Hepatitis B vaccination prevents 80–95% of transmission and reduces the incidence of HBV in children. The variations in the a determinant of HBV surface antigen (HBsAg) have been reported to be the most prevalent cause for vaccine or antibody escape. There is a conflicting evidence on as to whether escape mutants arise de novo in infected infants or whether the mutants, that have preexisted maternally, subsequently undergo selective replication in the infant under immune pressure. Here, we report that nearly 65% (55 of 85) vaccination failure in child patients has no amino acid substitution in a determinant as seen by Sanger sequencing. We further employed an Illumina sequencing platform-based method to detect HBV quasispecies in four immunoprophylaxis failure infants and their mothers. In our data, the substitution rate of amino acid located at a determinant is relatively low (< 10%), I/T126A, C124S, F134Y, K141Q, Q129H, D144A, G145V, and N146K, which showed no statistical difference to their mothers, proving that these vaccine escape mutants preexist maternally as minor variants. Besides that, bioinformatical analysis showed that the binding affinity of high variation epitopes (amino acid divergence in mother and their infants > 20%) to related HLA molecules was generally decreased, these traces of immune escape suggesting that immune pressure was present and was effective in all samples.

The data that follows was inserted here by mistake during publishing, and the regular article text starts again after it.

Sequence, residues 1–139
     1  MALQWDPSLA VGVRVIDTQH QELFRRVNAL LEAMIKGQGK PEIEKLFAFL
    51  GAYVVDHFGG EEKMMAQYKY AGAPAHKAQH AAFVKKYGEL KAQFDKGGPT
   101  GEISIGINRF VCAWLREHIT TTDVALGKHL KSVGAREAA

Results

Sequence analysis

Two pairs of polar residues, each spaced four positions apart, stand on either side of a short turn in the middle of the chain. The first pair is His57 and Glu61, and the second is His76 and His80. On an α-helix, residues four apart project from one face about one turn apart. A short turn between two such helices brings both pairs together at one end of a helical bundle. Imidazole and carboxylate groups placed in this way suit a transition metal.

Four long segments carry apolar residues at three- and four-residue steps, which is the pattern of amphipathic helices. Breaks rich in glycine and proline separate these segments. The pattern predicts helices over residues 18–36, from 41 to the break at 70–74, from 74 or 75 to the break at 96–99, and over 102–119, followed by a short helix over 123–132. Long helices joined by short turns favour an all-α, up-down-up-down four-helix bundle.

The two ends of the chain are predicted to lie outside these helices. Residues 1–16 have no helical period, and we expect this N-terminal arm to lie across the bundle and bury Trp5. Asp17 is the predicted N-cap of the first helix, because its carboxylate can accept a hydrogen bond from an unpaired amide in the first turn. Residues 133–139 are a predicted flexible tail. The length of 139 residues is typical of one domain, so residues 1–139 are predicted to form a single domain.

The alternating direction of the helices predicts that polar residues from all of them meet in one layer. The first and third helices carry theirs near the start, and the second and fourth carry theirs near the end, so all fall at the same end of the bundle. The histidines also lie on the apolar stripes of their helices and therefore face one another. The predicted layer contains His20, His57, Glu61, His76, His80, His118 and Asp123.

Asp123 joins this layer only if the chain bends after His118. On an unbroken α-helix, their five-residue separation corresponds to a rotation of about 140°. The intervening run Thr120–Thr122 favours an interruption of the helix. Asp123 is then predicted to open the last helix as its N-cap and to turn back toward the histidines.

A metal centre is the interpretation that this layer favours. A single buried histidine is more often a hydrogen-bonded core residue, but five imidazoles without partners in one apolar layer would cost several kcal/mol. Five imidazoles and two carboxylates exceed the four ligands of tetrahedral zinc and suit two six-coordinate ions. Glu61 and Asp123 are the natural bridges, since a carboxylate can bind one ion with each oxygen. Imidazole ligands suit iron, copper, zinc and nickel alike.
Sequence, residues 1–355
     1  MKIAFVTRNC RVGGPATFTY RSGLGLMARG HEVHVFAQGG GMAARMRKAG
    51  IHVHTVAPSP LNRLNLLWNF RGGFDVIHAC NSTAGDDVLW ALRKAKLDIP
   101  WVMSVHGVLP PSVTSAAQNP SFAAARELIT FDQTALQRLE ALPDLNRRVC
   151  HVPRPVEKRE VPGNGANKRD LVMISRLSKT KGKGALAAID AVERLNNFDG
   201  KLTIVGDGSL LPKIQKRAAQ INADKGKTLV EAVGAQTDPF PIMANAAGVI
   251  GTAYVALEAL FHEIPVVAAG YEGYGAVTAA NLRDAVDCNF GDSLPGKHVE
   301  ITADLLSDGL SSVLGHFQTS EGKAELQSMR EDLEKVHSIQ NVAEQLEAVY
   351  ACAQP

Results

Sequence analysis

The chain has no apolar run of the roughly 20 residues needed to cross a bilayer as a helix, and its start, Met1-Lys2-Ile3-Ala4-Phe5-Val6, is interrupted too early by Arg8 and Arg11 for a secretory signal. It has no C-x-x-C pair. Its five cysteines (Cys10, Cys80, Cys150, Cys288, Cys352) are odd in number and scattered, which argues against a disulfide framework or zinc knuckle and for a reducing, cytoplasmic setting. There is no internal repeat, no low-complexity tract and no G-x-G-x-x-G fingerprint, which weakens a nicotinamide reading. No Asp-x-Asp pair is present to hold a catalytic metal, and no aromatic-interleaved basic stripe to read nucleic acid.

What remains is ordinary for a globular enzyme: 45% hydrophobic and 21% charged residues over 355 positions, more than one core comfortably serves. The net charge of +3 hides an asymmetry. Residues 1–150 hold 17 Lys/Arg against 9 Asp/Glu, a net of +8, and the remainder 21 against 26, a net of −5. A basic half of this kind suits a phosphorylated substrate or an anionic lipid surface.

Hepatitis B virus Ultra-deep sequencing Immunoprophylaxis failure infants a determinant substitution
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This work was supported by the National Science and Technology Major Project (2017ZX10202203), Research Plan from Nanan Health and Family Planning Commission (2017-38) and the National Natural Science Foundation of China (81501751).
Compliance with ethical standards
Conflict of interest
The authors declare that they have no conflict of interest.
Enrollment in the clinical study as well as the usage of patient serum samples for HBV sequencing studies were approved by the Chongqing Medical University ethics committee.
Written informed consent for participation in this study was obtained from all adult patients or caretakers on behalf of the children enrolled in this study.
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1.Key Laboratory of Molecular Biology for Infectious Diseases (Ministry of Education), Institute for Viral Hepatitis, Department of Infectious Diseases, The Second Affiliated HospitalChongqing Medical UniversityChongqingPeople’s Republic of China
2.Collaborative Innovation Center for Diagnosis and Treatment of Infectious DiseasesHangzhouPeople’s Republic of China
3.Department of Infectious DiseaseThe Fifth People’s Hospital of ChongqingChongqingPeople’s Republic of China
4.Clinical laboratory, The Second Affiliated HospitalChongqing Medical UniversityChongqingPeople’s Republic of China